Almost one month ago, we went on our first long-ish road trip since Nathan was born (long-ish being about an hour and 45 minutes). Granted, we've been on a long trip before with Nathan, namely our trip to New Jersey last year for Christmas. But, this was our first long car trip with him and we were a little bit anxious about how it would go. Turns out, it went fine. I brought plenty of snacks and books and I even brought his little Leap Frog laptop which he got for his birthday this year from our neighbor. He did great, no whining or crying or complaining. He really was quite content to read his books and interchangeably play with his laptop:
Where did we go? Here:
Riley's Farm to pick apples. I have never been to an apple orchard before and since we were enjoying such lovely weather in early October I thought it might be something fun to try. Despite growing up in the Northeast my husband had never gone apple picking before either so it truly was a new experience for everyone. Both of the boys had lots of fun, but in their own unique ways. Gabe took our instructions about the correct way to pick the apples from the tree very seriously and he was so careful about which apples he picked:
Nathan on the other hand wanted to put every apple he saw into our half bushel box, including the apples that had fallen off the tree and were lying on the ground. We had to keep a close eye on him. =)
And goodness, I could not get a photo of his face while he was picking - he was too quick! Every time I'd get a shot, he'd be off again.
I even handed the camera over to my sweets and had him take my picture:
We had some very tired boys when we got home (well at least one very tired boy and one crabby boy who was tired but wouldn't nap):
And a lot of apples and pears; I actually have no idea how many pounds we had total because I didn't measure:
That is the box with 3 lbs of pears taken from the top so that I could make this pear crisp with vanilla brown butter. (Which was delicious by the way, but I'm not so sure that I liked the brown butter; as weird as it sounds I'm still deciding on that one. I will say that this was better the second day than the first as it gave the flavors a chance to meld and mellow a bit).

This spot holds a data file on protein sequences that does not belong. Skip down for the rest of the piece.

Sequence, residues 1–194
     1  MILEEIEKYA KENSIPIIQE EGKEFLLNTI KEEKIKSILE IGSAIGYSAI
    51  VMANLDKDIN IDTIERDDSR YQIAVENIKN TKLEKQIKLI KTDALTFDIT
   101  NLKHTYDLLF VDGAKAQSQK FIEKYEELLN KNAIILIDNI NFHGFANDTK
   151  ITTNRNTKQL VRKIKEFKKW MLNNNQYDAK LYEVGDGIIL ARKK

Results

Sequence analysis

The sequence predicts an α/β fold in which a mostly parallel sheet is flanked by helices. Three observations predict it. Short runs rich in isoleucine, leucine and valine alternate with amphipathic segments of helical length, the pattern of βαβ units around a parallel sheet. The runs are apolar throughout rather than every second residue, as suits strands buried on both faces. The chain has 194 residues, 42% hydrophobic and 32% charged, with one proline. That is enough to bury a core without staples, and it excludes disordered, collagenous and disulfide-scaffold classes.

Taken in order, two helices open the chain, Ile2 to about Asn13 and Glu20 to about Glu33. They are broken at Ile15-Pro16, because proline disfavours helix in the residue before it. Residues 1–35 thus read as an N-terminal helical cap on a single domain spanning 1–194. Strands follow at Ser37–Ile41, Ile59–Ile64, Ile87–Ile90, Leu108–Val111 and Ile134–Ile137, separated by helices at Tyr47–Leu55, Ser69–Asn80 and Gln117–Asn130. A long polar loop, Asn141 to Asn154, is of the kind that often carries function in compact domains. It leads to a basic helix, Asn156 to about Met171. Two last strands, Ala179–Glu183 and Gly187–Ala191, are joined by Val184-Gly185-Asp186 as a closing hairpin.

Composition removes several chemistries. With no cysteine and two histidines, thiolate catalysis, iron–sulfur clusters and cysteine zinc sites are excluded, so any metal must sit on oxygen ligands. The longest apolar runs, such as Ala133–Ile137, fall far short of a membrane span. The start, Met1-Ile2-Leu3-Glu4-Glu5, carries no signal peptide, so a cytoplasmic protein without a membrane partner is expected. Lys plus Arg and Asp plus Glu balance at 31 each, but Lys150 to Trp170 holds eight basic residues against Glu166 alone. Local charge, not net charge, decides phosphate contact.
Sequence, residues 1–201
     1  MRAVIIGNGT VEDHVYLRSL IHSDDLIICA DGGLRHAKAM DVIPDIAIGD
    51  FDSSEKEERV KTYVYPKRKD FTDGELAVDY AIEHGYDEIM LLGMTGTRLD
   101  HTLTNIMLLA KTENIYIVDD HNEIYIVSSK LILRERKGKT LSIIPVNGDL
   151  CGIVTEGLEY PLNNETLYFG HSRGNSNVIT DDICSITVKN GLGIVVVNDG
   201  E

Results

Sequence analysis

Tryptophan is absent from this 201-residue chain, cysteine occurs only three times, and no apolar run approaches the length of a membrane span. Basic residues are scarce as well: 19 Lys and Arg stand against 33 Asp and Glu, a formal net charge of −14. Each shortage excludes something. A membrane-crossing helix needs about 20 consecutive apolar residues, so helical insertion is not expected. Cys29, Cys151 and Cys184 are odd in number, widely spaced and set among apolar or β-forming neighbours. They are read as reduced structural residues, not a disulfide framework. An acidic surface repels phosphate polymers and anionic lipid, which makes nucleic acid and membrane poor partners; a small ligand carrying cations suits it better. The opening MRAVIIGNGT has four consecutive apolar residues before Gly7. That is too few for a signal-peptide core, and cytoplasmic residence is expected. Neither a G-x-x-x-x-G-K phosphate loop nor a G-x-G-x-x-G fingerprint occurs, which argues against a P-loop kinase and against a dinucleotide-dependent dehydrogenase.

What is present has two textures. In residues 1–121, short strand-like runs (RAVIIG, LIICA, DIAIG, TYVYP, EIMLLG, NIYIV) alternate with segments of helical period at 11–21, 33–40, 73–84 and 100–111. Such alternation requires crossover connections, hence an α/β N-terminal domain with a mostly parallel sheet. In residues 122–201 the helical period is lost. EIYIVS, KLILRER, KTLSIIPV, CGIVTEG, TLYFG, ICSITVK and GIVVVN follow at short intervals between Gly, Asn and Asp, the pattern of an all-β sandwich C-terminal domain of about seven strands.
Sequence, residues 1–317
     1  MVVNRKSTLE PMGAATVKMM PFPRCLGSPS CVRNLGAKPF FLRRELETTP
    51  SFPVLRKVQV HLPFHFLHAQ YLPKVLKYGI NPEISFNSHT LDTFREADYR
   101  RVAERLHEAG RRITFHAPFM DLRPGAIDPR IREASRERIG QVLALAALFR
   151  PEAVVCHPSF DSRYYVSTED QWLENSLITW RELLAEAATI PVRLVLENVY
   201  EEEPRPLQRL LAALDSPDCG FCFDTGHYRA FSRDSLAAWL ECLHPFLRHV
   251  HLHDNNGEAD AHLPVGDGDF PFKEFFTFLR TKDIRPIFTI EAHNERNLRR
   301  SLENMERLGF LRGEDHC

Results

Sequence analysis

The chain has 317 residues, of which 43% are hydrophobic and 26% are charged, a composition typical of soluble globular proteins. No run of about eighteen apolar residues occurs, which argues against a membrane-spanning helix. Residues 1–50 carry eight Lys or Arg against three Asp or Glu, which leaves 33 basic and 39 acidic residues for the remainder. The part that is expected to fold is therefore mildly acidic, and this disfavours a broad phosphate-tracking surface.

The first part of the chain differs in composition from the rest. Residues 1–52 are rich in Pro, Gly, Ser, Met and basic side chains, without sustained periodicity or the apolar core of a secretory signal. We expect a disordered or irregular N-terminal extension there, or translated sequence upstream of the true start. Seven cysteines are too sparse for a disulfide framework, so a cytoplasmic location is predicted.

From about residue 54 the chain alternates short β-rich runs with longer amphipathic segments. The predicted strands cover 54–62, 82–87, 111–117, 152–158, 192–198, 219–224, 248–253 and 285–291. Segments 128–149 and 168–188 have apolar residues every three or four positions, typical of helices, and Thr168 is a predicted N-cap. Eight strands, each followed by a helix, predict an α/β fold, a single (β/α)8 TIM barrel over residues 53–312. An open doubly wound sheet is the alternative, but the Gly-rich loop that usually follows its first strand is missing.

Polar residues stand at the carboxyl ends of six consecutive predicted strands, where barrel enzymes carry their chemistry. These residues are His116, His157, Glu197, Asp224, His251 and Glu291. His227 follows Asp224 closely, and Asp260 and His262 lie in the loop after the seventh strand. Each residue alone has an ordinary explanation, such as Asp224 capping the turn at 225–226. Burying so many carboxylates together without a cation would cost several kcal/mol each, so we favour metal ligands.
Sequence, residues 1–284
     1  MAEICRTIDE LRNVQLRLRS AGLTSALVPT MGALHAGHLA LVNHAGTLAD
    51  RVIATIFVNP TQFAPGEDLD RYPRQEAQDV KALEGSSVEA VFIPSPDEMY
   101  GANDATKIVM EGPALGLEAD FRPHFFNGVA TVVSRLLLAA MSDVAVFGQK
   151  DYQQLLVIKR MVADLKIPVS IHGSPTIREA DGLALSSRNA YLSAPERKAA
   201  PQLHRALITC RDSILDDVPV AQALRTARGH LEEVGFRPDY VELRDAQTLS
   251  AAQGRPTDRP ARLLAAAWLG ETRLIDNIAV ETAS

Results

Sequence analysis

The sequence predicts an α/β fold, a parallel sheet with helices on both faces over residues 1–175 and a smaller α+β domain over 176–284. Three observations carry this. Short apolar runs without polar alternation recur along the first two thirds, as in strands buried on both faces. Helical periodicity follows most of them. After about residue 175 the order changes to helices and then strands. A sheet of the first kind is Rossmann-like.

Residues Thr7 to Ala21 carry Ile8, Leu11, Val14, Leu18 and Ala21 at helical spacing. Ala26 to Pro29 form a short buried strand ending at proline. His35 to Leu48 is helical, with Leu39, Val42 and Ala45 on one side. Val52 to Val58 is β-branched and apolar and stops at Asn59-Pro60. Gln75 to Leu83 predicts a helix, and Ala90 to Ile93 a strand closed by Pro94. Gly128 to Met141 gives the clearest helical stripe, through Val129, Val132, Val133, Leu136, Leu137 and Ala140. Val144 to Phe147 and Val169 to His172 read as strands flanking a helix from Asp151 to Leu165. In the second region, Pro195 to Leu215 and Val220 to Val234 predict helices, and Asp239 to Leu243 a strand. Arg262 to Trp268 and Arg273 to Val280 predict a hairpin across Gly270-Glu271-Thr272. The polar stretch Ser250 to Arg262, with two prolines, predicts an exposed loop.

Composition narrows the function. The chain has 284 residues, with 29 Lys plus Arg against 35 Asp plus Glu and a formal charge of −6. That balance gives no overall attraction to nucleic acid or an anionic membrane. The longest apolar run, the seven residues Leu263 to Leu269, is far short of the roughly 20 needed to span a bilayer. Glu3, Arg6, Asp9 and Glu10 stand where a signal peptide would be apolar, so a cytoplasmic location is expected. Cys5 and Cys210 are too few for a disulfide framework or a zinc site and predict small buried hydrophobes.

As soon as we got home I went online and started searching for apple and pear recipes; I was determined not to let any of the fruit go to waste. The week after our trip we had a dish incorporating apples almost every night. On Monday we had quinoa and apple salad served with leftover roasted chicken from the night before. The apple salad is made with a curry dressing and I wasn't sure I would like it, but it was just the right amount of curry so as to not be overpowering. Also, unless you're vegetarian I'd suggest serving it with grilled chicken or pork chops to make a more substantial meal of it. The next night we had pork chops with apple chutney, very good and actually a recipe I've made before. Thursday was apple, ham and cheese melts and then on Friday, since we don't eat meat on Fridays, we had apple-butternut squash soup. I've made apple-butternut squash soup before and wasn't too fond of it, but this recipe is a keeper. Not too heavy, not too sweet and with just the right amount of cream. Along with all of our savory meals we also ate tons of apples as snacks, which is normal around here - Gabe says that apples are his favorite.
In addition to the savory recipes I also made a few sweeter recipes that I'd like to share. We made a double-batch of these chunky apple muffins and put the extra dozen in the freezer (I'm going to pull them out for eating this week). I doubled the apples in the recipe too and they came out just fine (in fact with double the apples I think they're more true to their name than if I had made the recipe as is). I used-up the last of our pears to make this slow-cooker apple butter, so obviously we had pear butter instead of apple butter. I will say that I didn't bother with all the fussy instructions to strain-out the pulp. After the butter had been in the slow-cooker overnight I simply took an immersion blender to mixture. Turned out great, although a bit too spicy. If I make this again I'll cut down on the cinnamon a bit (and this coming from someone who loves cinnamon). We enjoyed our pear butter on french toast with mascarpone. Yummy! But we still had quite a bit leftover so I froze some and used the rest to make this spiced applesauce cake. One note about this cake in case you want to make it for yourself. In the instructions she says to use either an 8- or 9-inch square cake pan. I made ours in an 8-inch pan (because that's all I have) and I had to cook it for a little longer than the instructions suggested because it was quite thick in the middle. So some parts of the cake turned out a little dry. Which didn't matter too much since the cake is iced with cream cheese frosting, I mean everything is better with cream cheese frosting (well lots of things). But I'd suggest a 9-inch pan if you have it or perhaps an 11 x 7 inch pan. Despite the touch of dryness the cake was still very delicious and I have been given instructions to definitely make it again.
So why post all of this now a whole month after our trip? Because we finally finished the last of the apples this past weekend! Also, apples and pears are great in the fall and I thought I'd give some recommendations on recipes that our family has tried and loved.
And what about my goal of not letting the apples or pears go to waste? Achieved rather successfully I think. We only had to throw out a few pears and apples because they were rotting from the inside out - which wasn't because we hadn't got to them in time, but rather they were like that when we picked them and you just couldn't tell.
Until next time, God bless. =)